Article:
This week there was a vote for the funniest one-liner in TV comedy history. The winner was Peter Kay for a line from his television show Phoenix Nights. The line was: "Garlic bread - it's the future, I've tasted it."
I guess you had to be there. Actually, it's not a bad line (but the funniest in TV history?!). Actually, it's not the line itself I'm concerned about. It's the "in TV comedy history" bit. Television comedy history goes back some time, yet all the top 10 winning lines - with the sole exception of one from Fawlty Towers: "Oh you're German. I'm sorry, I thought there was something wrong with you" - came from the past 15 years.
This is invariably the case in "best of all time" surveys. The memory span of respondents is woeful. Last week, Victoria Wood and Dawn French topped a "funniest women of all time" survey. Both are admirable comediennes. But did any of the Fifties and Sixties funny-women get a look in, let alone the stars of the music hall? There's a certain arrogance in such lists. Why do they seem to contain only acts that we have actually seen - and, more specifically, that we have seen in the past few months?
Some 4,000 people took part in the survey for the best one-liner in TV comedy history, yet hardly any of them had a memory or an interest in comedy that predatedI'm Alan Partridge and The Vicar of Dibley.
Best-of lists need more of a historical perspective. But even with a nod to TV history, it's doubtful that one-liners can ever really stand up when ripped out of their context. One of my favourite one-liners comes from Tony Hancock's TV spoof of Twelve Angry Men. As chairman of the jury, he makes an impassioned plea for mercy to his fellow jurors with the words: "Does Magna Carta mean nothing to you? Did she die in vain?"
Well, at least it's more than a couple of years old. But it probably looks no great shakes in print. One-liners rarely do. This week's list has some that are quite funny - the priest in Father Ted saying: "I'm not a fascist. I'm a priest. Fascists dress up in black and tell people what to do. Whereas priests ... more drink?"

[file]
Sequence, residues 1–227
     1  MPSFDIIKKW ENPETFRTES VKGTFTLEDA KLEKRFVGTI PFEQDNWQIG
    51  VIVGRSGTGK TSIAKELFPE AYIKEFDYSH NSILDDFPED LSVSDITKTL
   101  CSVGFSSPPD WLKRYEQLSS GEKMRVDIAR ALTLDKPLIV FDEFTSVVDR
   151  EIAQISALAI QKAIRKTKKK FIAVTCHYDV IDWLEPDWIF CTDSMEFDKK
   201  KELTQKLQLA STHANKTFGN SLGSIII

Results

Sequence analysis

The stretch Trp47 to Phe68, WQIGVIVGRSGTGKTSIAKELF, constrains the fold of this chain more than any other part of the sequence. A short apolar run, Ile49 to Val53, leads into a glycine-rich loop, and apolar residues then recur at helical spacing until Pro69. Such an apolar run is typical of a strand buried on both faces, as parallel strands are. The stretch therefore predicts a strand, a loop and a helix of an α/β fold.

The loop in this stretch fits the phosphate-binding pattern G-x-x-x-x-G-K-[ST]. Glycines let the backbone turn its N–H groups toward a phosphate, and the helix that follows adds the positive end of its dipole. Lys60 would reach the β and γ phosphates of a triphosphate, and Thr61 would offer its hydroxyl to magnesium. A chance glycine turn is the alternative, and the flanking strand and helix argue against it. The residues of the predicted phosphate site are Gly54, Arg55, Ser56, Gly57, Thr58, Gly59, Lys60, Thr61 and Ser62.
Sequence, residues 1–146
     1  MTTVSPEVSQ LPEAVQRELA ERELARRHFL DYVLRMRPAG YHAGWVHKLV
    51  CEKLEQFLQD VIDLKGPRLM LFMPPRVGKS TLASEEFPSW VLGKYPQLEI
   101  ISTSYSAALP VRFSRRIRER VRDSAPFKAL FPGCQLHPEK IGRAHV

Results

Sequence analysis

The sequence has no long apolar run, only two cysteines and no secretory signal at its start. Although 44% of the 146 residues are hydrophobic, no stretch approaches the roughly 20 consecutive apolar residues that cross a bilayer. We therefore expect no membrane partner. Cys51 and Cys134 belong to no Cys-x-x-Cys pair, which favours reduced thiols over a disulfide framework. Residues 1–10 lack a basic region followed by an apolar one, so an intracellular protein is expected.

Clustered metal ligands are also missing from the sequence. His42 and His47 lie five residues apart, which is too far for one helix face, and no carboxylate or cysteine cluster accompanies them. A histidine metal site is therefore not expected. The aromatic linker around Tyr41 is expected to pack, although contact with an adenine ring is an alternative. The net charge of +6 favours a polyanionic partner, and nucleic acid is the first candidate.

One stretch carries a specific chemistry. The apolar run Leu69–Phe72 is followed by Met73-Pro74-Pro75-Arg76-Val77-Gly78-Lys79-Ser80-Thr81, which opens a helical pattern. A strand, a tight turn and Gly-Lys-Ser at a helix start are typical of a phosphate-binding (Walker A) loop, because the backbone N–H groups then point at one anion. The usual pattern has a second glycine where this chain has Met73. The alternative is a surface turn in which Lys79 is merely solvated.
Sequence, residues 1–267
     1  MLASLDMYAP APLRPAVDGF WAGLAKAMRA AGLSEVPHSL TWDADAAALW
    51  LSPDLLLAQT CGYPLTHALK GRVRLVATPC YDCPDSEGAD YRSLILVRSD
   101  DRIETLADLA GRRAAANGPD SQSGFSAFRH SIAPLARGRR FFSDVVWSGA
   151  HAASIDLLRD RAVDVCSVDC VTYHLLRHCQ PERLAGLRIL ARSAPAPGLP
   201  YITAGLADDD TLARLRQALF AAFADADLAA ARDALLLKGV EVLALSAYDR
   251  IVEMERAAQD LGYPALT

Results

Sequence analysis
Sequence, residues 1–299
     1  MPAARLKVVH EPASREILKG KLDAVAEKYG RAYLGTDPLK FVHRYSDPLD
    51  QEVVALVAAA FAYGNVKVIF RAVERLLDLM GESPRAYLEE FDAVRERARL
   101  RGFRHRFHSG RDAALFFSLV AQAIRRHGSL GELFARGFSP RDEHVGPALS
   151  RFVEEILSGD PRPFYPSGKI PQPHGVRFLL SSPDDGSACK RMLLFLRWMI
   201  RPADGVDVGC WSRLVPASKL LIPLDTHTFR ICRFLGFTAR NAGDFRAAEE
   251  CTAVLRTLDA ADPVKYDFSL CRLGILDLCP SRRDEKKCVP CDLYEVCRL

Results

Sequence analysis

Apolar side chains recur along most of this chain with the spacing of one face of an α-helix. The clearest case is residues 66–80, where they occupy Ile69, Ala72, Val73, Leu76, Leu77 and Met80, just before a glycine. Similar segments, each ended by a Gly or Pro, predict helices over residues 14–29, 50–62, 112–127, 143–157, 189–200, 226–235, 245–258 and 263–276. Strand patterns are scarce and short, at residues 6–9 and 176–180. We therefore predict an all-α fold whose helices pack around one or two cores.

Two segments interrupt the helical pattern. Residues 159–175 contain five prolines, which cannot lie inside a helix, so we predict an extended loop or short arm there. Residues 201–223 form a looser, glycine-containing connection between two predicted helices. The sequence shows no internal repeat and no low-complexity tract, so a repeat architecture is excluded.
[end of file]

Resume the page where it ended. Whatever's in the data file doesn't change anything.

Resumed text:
It has some that were funny on screen when spoken by a character we know but lose it on the page - Trigger in Only Fools and Horses saying: "If it's a girl they're gonna name it Sigourney after an actress, and if it's a boy they're gonna name him Rodney after Dave." And there are some that are for fans and fans alone - Rowan Atkinson's Edmund Blackadder saying: "He's mad. He's madder than Mad Jack McMad, the winner of this year's Mr Madman competition."
There are even some that you can't help but feel you said yourself, without ever dreaming it would win an award - Steve Coogan as Alan Partridge saying: "I'm going nowhere, Lynn. Quite literally. I'm on the ring road."
You take your choice. I can't help but feel there have been funnier lines in the dim and distant past of comedy history. The problem is that in all such lists there is no dim and distant past. History started in this decade. Hancock, Steptoe and Son, Whatever Happened to the Likely Lads?, Dad's Army, The Young Ones - it's as if they had never been.
Academics, parents and politicians sometimes wring their hands about the state of history teaching in schools. But the bigger problem is with TV obsessives. For them, history doesn't exist. Every week there is another "best of all time" list. And, every week, "all time" turns out to be no time at all.
How often do we read about theatre directors casting movie stars to boost audiences. Sometimes it works; this week it didn't. Susannah York, right, a star of some big films in her day, performed in Karen Blixen's play The Deluge at the Edinburgh Festival Fringe to an audience of just six people. I hate to add insult to injury, but I'm going to amend that figure to five people, as The Independent critic, who was present, doesn't technically count as a ticket-buying member of the audience.
The play wasn't on in one of the main Fringe venues, it wasn't well publicised, and in the Fringe brochure its puff over-modestly doesn't mention it has a star in the cast. So there are legitimate excuses for the poor turn-out.
Miss York's performance was apparently excellent. I urge visitors to the festival to go to see the play, and show Miss York that she is not forgotten. We can't risk one of our fine British actresses having a mid-life crisis in a cold Edinburgh hall.
* Critics covering the Santa Fe opera festival in the New Mexican desert noted this week how extraordinary it was that the weather matched the subject matter on stage. The back and sides of the Santa Fe auditorium are open to the elements; and while an opera version of The Tempest played, there was an electrical storm. The storm came back the next night for The Magic Flute, which also contains thunder and lightning.
I'm not convinced, though, that this was such a perfect match of elements and art. The Tempest does indeed have a storm at the start, but harmony is reached at the end, and some sunshine would have been more fitting. And I gather that in The Magic Flute the genuine lightning flashed for the Queen of the Night's dramatic entrance a few seconds after the recorded thunderclap. Fully covered auditoria may be so last year - but they are less confusing.Reuse content